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February 18, 2021

What Is a Non-Fungible Token? A Beginner's Guide

What Is a Non-Fungible Token? A Beginner's Guide
Non-fungible tokens (NFTs) are changing the way we own things digitally. Here's an introduction to what they are, and why they matter.

The non-fungible token has garnered significant attention as one of the most exciting, transformative innovations blockchain has to offer developers and businesses.

But what exactly is an NFT?

What makes them special, what gives them value, and how can they be used?

Let's explore.

The Beginner's Guide to NFTs

Fungibility: Identical & Interchangeable

In order to determine what an NFT really is, we need to understand the concept of "fungibility." The term might sound complicated, but it's a simple idea that we can relate to our everyday lives.

At its core, a fungible item is something that can be exchanged 1:1 with another item of the same classification/description.

Each fungible unit is essentially identical, and therefore interchangeable.

Currency is a perfect example of a fungible asset. Whether it's your dollar bill, a dollar bill you found on the ground, or a dollar bill your crazy uncle keeps in his boot–each is worth 1 USD.

In addition to being interchangeable, fungible goods/assets are divisible. This means they can be added or divided without changing the fundamental nature of the item. A dollar can always be divided into any combination of coins totaling 100 cents and represent the same value.

Another key feature of fungibility is that slight physical differences between fungible assets have no real impact on their perceived or agreed value:

  • A serial number on a banknote plays no role in impacting the face value when you try to use it to pay for anything, and has no intended effect on their utility.
  • A crisp new $20 bill from the ATM will purchase just as much in a shop as one that's crumpled, tattered, and passed through countless hands for a decade.
  • Whether a €2 coin has the French, Dutch, or Austrian design on the reverse side has no bearing on their legal value in any countries within the European Union.

Ultimately, in the case of fungible goods, each unit is created equal. One $10 bill is the same as any other $10 bill. You can't go into a supermarket and try to buy $50 worth of groceries with it (well you can, but it probably won't work).

Non-Fungibility: Unique & Identifiable

Things that are not directly interchangeable or replaceable are known as non-fungible.

Unlike fungible assets like Bitcoin, non-fungible items are characterized by:

  • Unique, verifiable identity
  • Provable scarcity
  • Indivisibility

In many ways, non-fungibility is tied closely to identity, be it the identity of the asset itself, its owner, or its creator.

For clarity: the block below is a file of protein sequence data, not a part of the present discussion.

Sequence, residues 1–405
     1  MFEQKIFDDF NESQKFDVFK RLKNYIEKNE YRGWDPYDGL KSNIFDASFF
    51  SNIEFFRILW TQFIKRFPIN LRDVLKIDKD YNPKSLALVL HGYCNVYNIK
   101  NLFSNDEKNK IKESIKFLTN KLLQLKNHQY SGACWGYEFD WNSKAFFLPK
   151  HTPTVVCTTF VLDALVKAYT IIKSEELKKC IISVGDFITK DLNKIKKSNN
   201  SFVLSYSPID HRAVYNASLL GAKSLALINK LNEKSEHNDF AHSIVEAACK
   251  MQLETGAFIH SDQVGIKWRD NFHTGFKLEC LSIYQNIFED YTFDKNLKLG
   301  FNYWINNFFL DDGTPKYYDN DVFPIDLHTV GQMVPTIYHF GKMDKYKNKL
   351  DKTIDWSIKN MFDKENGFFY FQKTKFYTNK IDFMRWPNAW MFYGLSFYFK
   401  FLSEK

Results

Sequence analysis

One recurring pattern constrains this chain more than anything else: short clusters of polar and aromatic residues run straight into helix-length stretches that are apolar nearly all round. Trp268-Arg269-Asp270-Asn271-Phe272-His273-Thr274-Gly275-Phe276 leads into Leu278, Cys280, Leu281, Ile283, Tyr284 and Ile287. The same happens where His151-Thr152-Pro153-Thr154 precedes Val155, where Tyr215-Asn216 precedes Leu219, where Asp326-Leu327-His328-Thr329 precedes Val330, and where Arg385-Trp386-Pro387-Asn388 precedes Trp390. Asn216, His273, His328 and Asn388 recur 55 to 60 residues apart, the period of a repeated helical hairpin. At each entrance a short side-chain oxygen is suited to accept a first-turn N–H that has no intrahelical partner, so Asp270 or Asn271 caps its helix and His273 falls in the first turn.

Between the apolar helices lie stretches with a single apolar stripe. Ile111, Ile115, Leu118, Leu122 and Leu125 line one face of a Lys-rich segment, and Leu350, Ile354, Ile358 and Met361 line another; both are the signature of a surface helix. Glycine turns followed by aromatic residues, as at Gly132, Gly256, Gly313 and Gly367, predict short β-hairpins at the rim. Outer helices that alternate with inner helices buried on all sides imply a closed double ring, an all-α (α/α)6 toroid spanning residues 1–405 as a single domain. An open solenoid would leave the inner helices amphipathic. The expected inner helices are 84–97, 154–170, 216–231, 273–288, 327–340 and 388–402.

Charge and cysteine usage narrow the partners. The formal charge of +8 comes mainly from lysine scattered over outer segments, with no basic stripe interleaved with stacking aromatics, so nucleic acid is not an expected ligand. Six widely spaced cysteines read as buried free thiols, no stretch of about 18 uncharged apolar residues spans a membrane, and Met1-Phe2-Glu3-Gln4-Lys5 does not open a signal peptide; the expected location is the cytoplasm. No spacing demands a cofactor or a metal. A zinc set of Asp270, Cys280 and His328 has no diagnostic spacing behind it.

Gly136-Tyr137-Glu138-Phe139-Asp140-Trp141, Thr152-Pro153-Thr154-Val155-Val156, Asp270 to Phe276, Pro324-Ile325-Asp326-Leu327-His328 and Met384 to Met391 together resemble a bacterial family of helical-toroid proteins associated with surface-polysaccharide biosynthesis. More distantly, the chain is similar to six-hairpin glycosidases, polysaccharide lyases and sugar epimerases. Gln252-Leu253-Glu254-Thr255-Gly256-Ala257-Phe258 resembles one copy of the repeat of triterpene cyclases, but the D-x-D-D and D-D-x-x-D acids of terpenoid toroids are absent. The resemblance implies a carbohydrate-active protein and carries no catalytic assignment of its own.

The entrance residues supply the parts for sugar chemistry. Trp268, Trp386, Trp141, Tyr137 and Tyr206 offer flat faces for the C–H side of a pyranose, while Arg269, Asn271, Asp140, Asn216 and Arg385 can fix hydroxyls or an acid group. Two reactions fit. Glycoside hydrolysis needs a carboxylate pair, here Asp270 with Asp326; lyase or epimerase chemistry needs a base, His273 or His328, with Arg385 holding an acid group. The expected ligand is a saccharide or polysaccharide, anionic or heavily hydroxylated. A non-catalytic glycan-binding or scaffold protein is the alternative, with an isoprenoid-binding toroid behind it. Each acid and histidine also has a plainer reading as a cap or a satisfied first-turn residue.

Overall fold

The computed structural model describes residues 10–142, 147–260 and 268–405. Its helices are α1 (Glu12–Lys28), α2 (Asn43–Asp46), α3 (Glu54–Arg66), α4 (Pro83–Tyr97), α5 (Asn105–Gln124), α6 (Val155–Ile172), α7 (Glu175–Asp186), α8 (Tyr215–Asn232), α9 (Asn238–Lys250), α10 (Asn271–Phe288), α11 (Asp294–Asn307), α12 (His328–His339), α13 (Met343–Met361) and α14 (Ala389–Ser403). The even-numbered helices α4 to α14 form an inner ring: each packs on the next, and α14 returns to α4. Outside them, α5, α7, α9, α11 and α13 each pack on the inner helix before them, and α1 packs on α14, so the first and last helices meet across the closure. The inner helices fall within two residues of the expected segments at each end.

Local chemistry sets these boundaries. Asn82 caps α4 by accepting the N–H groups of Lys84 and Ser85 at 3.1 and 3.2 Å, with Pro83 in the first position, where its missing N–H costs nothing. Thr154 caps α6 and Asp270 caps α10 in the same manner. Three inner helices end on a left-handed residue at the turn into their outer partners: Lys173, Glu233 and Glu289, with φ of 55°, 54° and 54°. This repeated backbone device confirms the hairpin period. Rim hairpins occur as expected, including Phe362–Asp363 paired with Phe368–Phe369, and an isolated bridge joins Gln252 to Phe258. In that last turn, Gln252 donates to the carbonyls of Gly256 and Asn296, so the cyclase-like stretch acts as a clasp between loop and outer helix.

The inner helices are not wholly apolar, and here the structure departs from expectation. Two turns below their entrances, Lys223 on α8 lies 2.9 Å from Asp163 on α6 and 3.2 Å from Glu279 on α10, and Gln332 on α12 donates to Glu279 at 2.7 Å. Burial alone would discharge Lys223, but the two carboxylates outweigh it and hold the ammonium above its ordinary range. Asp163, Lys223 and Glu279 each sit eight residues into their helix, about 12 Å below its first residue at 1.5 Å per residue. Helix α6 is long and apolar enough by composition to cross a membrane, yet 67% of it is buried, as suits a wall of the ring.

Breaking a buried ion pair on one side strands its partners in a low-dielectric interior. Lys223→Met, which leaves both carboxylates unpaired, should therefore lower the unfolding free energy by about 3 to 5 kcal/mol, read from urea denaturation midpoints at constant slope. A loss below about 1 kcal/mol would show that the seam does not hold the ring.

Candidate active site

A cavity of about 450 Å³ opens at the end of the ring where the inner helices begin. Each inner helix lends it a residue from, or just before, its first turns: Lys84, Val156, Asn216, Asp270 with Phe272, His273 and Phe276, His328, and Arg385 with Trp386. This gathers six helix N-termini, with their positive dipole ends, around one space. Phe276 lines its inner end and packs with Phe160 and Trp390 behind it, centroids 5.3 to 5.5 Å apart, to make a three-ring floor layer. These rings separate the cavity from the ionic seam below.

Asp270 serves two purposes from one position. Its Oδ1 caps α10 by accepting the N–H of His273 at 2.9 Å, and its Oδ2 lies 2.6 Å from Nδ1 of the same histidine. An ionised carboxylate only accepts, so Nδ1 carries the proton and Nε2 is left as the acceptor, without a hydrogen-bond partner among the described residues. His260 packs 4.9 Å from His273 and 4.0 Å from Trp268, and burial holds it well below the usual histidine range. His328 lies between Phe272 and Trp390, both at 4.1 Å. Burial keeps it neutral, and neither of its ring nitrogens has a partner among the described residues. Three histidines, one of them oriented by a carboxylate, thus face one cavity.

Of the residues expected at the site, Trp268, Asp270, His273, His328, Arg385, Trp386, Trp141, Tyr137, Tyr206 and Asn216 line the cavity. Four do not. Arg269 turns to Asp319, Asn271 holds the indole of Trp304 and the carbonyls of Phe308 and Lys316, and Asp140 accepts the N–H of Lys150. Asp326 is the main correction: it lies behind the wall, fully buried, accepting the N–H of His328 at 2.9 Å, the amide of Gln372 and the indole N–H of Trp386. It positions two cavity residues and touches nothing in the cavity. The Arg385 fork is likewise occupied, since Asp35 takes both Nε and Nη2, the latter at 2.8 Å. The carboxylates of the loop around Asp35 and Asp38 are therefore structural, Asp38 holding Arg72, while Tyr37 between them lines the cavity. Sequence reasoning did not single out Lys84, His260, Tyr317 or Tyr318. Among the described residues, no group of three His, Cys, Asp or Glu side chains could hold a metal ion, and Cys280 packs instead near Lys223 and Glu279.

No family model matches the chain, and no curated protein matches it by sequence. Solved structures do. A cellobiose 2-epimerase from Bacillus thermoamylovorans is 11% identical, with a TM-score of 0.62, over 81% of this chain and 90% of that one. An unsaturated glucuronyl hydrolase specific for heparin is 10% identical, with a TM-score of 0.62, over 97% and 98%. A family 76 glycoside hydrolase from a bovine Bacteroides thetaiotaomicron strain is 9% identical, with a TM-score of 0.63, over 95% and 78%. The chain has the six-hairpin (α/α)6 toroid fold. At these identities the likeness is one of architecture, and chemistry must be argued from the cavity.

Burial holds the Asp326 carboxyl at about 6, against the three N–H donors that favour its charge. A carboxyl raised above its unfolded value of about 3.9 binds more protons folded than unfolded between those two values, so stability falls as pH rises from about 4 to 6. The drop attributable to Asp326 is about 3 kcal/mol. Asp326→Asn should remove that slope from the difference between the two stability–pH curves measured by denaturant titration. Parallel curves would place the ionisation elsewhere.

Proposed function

Imagine you're dog-sitting for a friend and their poodle runs away. After tirelessly searching for days with no success, you decide to replace it with another poodle and hope they don't notice.

They notice.

Of course they notice! Although all dogs are good boys, you can't just swap them and have the same experience. A multitude of blatant and subtle differences mark them all out as individuals, with no two being exactly the same.

Dogs aren't identical or interchangeable; they're non-fungible.

When things are non-fungible, each unit has its own unique identity that impacts its core valuation.

Differences in appearance, rarity, utility, and many other properties directly affect the identity of a unit, and in turn, its value.

Provable identity is everything:

  • You can't make a 77x53cm oil painting of a subtly smiling lady with no eyebrows, take it to the Louvre in Paris, and swap it for the Mona Lisa, despite shared dimensions, subject, and materials.
  • A pair of Adidas Predators worn by Lionel Messi of FC Barcelona have more appeal than a pair worn by your local librarian.
  • When a random teenager sprays graffiti on a wall, it gets painted over after people complain. When Banksy does it, it gets actively preserved and protected.

original art is a great example of a non-fungible asset

That's the power of identity; the source, story, and history behind something all lend themselves to the creation of a unique, irreplaceable asset. Even the best forgeries and replicas are valued at a fraction of an original, in part because a famous creator lends a credible, fascinating history to the item in question.

Similarly, if something is directly tied to your individual identity, it's unique and holds more value for you than anyone else. Passports from the same country look the same on the outside, but only you can (legally) use yours because of the information inside.

Condition, rarity, issuance, and personal bias can also play a role in the value of non-fungible assets:

  • A mint-condition Michael Jordan trading card is worth more than another copy of the same card that someone stuck between their bicycle spokes as a kid.
  • A Charizard holographic card is more prized than its vanilla equivalent. Remember the thrill of opening a pack to find a super-rare, shiny foil card?
  • Even though the story inside is the same, a first edition of The Fellowship of the Ring will be more sought-after than a modern reprint.
  • Humans just like some things more. Print #001 of a limited run seems cooler than print #329 of the same run. Some "lucky" numbers (e.g., 7 in many Western countries, 8 in China) can also carry a price premium.

Non-fungible assets aren't interchangeable.